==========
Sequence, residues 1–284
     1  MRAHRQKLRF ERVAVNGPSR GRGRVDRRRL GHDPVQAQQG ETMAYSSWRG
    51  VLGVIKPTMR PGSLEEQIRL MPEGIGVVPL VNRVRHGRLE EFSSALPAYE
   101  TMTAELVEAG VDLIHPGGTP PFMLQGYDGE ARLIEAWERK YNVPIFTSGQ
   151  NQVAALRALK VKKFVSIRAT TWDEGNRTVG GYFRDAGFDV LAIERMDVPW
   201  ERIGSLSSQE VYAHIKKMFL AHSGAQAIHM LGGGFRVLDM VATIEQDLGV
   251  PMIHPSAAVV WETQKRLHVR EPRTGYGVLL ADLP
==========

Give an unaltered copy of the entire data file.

Sequence, residues 1–284
     1  MRAHRQKLRF ERVAVNGPSR GRGRVDRRRL GHDPVQAQQG ETMAYSSWRG
    51  VLGVIKPTMR PGSLEEQIRL MPEGIGVVPL VNRVRHGRLE EFSSALPAYE
   101  TMTAELVEAG VDLIHPGGTP PFMLQGYDGE ARLIEAWERK YNVPIFTSGQ
   151  NQVAALRALK VKKFVSIRAT TWDEGNRTVG GYFRDAGFDV LAIERMDVPW
   201  ERIGSLSSQE VYAHIKKMFL AHSGAQAIHM LGGGFRVLDM VATIEQDLGV
   251  PMIHPSAAVV WETQKRLHVR EPRTGYGVLL ADLP